The traditional birthstone for May, emerald is one of the most sought-after and highly valued gemstones. A variety of beryl, emerald is colored green by small amounts of chromium within its crystal structure.
Mined by the ancient Egyptians, emeralds were brought to Europe en masse when 16th century Spanish explorers discovered the large collections of the Inca and Aztec civilizations. Its unique green color, shared only by few other gemstones, makes it a favorite of modern jewelers. To be considered high grade, emeralds must possess a high degree of transparency as well as the characteristic verdant green color.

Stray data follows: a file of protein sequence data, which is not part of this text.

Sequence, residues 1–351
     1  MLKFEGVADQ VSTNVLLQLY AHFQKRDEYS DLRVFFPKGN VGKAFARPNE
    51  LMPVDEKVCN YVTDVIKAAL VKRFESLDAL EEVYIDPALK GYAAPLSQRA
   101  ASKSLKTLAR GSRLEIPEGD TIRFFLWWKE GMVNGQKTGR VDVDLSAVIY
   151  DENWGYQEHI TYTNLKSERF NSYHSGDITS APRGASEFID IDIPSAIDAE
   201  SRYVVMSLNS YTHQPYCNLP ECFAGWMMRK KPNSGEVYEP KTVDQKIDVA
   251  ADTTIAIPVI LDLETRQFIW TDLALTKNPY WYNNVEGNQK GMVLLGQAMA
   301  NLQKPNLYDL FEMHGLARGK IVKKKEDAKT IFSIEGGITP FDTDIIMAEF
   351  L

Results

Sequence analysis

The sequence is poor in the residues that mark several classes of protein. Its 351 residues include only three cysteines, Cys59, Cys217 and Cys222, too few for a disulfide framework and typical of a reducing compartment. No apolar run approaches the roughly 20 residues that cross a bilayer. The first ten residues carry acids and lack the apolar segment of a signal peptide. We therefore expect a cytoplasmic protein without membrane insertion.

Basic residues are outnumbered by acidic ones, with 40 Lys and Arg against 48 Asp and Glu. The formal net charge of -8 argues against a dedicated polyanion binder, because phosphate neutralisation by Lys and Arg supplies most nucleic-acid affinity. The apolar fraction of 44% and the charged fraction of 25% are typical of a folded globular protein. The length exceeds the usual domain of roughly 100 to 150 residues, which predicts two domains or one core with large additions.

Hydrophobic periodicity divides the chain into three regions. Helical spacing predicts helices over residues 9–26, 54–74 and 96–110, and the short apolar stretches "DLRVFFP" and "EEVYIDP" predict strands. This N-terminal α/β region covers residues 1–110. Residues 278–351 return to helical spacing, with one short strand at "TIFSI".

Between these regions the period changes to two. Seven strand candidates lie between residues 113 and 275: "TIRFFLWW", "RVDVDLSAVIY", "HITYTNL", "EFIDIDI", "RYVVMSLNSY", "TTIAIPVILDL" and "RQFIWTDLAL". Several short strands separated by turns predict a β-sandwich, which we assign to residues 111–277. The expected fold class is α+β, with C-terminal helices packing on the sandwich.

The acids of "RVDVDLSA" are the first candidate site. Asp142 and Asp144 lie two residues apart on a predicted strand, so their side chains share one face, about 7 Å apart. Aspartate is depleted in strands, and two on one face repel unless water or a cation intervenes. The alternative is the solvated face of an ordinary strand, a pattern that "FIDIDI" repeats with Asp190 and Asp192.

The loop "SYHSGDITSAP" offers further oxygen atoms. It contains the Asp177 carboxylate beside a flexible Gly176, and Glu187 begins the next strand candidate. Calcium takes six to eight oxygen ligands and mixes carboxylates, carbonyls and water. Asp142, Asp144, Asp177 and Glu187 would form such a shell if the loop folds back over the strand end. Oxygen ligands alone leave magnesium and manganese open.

To improve their clarity, many emeralds are treated with oils and resins to fill in abnormalities on the surface. Most emeralds exhibit some kind of inclusion or fissure, and flawless emeralds – those showing no defects to the naked eye – are incredibly rare.
South America and Africa are the main producers of emeralds, which are often associated with spring and the regeneration of life. Cleopatra was known to covet emeralds in particular, and many mines along the Red Sea are referred to as "Cleopatra Mines” in reference to the thousands of workers she sent out in search of this precious gemstone.